Kevin Hines: Surviving and thriving after a suicide attempt 

Thirteen years after he leapt off the Golden Gate Bridge in an attempt at suicide, Kevin Hines lives to tell his story and encourage others that there is a way to survive and thrive even with a mental illness.
Since the Golden Gate Bridge opened in 1937, thousands of people have tried to kill themselves by leaping off. Only 34 have lived. Kevin Hines is one of them.

On September 24, 2000, the paranoid and hallucinating nineteen-year-old flung himself off the bridge in a suicide attempt. He went over headfirst, falling 245 feet straight down with only 4 seconds before hitting the Bay’s water. Kevin recalls, “There was a millisecond of free fall. In that instant, I thought, what have I just done? I don’t want to die. God, please save me.”
Whether it was throwing back his head in prayer or simply the angular momentum of his fall, Hines’s body rotated so that instead of hitting the water head-first, he landed in a sitting position, taking the impact in his legs and up through his back. A woman traveling over the bridge witness Kevin’s jump and quickly contacted the Coast Guard to rescue Kevin from the frigid San Francisco Bay water.

Those four seconds, toward the water, awakened him to what still drives him now: He wanted to live.
Blessed to walk away from such a traumatic experience with a few scars and the emotional internal battle, today Kevin has spoken to over a quarter million people about his first hand experience with suicidal thoughts and eventual attempt. He is the only survivor to jump off the bridge that is willing to discuss his journey openly in hopes that it may encourage another person to make different choices or arm those that may see signs of suicidal tendencies the tools to intervene. Kevin states, “People who die by suicide or attempt suicide don’t truly want to die. They may say the word ‘want,’ but they don’t. The psychosis brings them to the point of believing that they have to.”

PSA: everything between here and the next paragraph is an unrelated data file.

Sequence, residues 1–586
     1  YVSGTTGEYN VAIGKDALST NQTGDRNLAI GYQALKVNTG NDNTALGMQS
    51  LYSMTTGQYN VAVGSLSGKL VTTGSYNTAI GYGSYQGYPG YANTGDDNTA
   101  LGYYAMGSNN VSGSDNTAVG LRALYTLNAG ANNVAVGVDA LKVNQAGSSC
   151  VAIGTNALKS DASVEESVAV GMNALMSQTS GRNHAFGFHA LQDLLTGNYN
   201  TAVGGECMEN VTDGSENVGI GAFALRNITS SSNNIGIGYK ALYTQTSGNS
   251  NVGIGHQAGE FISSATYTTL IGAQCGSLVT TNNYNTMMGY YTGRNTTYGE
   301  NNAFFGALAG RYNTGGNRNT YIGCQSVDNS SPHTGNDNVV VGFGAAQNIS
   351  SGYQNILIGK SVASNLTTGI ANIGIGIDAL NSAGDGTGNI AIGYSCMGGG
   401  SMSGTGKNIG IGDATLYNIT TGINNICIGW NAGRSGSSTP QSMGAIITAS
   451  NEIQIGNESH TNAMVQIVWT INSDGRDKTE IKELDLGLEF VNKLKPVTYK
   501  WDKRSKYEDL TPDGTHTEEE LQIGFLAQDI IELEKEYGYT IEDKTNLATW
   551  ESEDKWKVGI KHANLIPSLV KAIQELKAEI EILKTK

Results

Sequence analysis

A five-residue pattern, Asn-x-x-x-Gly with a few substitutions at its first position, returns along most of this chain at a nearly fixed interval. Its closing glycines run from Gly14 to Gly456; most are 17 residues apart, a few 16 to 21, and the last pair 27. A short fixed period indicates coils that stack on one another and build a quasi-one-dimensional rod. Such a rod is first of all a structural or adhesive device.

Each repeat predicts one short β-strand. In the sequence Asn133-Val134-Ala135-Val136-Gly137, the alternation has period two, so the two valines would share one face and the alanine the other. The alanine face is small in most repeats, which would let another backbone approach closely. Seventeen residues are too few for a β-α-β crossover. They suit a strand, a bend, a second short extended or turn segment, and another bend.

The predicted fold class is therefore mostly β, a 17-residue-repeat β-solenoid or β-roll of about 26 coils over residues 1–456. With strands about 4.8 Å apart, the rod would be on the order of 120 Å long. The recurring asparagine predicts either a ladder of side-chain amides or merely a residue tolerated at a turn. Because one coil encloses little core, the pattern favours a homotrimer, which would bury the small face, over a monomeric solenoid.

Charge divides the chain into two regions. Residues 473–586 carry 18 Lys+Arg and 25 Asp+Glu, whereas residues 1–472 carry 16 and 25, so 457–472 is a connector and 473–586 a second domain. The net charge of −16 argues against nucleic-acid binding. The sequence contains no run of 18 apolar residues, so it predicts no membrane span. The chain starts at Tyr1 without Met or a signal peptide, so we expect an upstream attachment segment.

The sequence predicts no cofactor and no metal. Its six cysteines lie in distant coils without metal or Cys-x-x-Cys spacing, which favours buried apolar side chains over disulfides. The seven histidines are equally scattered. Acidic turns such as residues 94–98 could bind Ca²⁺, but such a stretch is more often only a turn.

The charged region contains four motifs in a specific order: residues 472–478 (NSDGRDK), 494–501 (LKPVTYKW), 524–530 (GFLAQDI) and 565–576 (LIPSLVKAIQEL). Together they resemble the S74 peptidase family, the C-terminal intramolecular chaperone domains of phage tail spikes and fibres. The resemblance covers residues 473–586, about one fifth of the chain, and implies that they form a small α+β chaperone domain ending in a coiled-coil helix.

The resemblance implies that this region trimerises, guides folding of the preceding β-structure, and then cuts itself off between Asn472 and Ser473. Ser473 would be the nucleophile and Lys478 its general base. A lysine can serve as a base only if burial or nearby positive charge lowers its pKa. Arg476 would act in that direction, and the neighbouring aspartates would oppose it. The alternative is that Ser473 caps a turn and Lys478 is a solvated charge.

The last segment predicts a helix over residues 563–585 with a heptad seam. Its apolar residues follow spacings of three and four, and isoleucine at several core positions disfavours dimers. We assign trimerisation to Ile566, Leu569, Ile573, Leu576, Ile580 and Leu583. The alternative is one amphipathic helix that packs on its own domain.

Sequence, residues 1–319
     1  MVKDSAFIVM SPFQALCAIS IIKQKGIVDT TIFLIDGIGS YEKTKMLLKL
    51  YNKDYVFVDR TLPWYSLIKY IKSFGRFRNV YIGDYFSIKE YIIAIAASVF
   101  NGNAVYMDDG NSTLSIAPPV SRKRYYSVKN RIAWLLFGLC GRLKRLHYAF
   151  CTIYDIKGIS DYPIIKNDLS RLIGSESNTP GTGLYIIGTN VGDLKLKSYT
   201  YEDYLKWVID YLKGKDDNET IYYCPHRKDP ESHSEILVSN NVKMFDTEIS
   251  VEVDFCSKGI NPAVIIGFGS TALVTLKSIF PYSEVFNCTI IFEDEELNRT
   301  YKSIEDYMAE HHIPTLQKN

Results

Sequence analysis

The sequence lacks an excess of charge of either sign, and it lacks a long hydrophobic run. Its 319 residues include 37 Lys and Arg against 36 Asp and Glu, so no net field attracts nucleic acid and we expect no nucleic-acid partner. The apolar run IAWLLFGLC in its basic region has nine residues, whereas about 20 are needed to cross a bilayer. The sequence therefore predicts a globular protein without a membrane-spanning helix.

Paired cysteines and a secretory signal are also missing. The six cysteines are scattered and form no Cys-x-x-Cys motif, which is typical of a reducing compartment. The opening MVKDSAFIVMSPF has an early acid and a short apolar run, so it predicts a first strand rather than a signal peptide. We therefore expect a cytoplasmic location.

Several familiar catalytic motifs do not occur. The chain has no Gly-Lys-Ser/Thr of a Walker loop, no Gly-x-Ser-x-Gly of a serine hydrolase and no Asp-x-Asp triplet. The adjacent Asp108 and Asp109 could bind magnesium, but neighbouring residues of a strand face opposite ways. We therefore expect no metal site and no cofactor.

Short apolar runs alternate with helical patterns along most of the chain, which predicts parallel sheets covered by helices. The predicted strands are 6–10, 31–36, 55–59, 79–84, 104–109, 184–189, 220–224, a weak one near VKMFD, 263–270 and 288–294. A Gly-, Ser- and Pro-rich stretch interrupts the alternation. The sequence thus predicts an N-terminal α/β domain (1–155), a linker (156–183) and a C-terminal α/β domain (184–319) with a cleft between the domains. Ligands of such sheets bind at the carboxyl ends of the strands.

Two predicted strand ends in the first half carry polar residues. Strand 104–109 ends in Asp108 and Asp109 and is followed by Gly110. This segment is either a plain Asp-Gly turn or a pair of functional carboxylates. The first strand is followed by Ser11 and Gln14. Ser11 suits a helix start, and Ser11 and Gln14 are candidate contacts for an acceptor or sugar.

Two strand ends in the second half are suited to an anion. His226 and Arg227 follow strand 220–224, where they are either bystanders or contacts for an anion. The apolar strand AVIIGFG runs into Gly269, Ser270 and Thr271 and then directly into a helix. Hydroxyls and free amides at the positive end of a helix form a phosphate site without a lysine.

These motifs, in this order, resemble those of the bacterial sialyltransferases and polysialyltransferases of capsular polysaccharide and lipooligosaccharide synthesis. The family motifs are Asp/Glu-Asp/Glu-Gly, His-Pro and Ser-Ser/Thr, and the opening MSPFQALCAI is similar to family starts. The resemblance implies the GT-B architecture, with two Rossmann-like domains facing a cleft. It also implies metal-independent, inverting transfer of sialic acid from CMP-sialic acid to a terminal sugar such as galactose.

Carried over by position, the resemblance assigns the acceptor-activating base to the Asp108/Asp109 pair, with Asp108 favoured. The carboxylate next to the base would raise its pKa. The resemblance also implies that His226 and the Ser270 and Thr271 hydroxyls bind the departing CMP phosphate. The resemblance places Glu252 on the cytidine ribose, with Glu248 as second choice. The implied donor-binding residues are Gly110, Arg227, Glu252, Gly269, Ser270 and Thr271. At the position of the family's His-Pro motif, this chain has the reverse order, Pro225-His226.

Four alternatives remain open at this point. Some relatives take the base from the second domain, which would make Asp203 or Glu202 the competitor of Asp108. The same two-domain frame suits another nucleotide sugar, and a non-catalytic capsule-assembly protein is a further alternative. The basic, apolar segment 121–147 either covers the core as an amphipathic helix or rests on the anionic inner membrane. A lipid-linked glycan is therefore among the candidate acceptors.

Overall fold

Kevin has since moved forward to become an award-winning international speaker, author, and mental health advocate. In 2012, he was awarded a Lifetime Achievement Award for his outstanding work as a suicide prevention advocate and speaker. He has also been recognized by SAMSHA as a Voice Awards Fellow and Award Winner, an Achievement Winner by Veterans Affairs, and he has received a Three Star Marine Generals Medal Award in addition to his numerous accolades.

While Kevin has came leaps and bounds from what he recalls as his darkest moment, he has learned not to try to eliminate his mental illness by force of will, but to navigate its currents.

Kevin’s will to live and stay mentally well has inspired hundreds of thousands of people worldwide. His compelling story has touched diverse audiences on university campuses, organizations, corporations, clergy, military, clinicians, the medical community, community organizations, and international conferences. Cracked, Not Broken: Surviving and Thriving After a Suicide Attempt is his first book released in July 2013.

Hines will be sharing his story first hand at the Snow College Eccles Center for the Performing Arts on November 2 at 6:30 pm in Ephraim, Utah. The public is invited to join this event at no cost. There will be an exclusive book signing following the event. For more information about Kevin’s story visit www.kevinhinesstory.com or to pick up your complimentary tickets for the free event or more information on Snow College’s Health Wellness Center visit www.snow.edu/wellness .

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